Whistleblowers cannot rely on information that has be publicly disclosed when filing a claim under the False Claims Act. Most often, successful whistleblowers are the original source of the information and are thereby entitled to receive a reward of up to 30% of any recovery.
Below are two recent cases addressing the public disclosure bar in qui tam case brought under the False Claims Act.
Public disclosure bar resulted in dismissal of a qui tam lawsuit that alleged an environmental service received pays from the government for performing fake testing, because same information was already disclosed in two prior federal criminal prosecutions. Chen v EMSL Analytical, Inc. (2013, SD NY) 966 F Supp 2d 282.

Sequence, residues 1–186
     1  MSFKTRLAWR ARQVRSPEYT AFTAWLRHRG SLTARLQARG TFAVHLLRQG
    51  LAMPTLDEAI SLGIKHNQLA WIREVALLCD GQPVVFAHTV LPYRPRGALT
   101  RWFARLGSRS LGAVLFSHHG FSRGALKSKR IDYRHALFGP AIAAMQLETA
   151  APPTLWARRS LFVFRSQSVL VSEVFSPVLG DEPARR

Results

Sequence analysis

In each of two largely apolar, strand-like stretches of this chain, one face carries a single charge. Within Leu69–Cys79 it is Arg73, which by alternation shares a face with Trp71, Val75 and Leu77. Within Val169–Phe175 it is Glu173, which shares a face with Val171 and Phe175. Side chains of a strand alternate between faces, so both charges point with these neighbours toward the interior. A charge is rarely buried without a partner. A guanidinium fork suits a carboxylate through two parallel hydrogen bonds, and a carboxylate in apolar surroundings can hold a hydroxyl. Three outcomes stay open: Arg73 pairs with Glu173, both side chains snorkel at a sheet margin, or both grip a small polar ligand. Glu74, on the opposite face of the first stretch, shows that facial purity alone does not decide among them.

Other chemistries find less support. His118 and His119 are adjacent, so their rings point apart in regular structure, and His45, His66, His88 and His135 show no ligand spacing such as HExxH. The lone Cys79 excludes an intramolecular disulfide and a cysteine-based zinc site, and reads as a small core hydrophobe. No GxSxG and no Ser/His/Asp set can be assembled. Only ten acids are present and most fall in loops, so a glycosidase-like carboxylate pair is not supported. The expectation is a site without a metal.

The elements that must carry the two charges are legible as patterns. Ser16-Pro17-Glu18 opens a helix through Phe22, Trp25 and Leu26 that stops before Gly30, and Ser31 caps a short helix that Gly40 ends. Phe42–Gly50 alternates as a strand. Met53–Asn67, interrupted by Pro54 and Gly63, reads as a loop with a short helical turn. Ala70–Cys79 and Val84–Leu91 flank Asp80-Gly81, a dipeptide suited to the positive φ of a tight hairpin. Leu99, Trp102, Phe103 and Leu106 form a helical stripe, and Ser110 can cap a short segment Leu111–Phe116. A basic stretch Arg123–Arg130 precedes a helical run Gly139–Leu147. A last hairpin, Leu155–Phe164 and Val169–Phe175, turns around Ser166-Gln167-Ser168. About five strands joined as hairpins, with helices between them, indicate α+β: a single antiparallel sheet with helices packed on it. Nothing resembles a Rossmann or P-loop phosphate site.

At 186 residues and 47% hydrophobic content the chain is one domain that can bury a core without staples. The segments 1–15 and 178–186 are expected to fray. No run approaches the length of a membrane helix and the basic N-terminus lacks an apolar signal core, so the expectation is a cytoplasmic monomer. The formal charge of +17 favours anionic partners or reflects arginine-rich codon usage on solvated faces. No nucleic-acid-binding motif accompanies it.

However, in United States ex rel. Carter v Halliburton Co. (2013, ED Va) 973 F Supp 2d 615, the public disclosure bar did not require dismissal of a whistleblower’s lawsuit. The court ruled that even though fraud allegations had been publicly disclosed before the relator’s complaint was filed, the relator did not base the action on the previous public disclosure but instead relied on his own independent knowledge.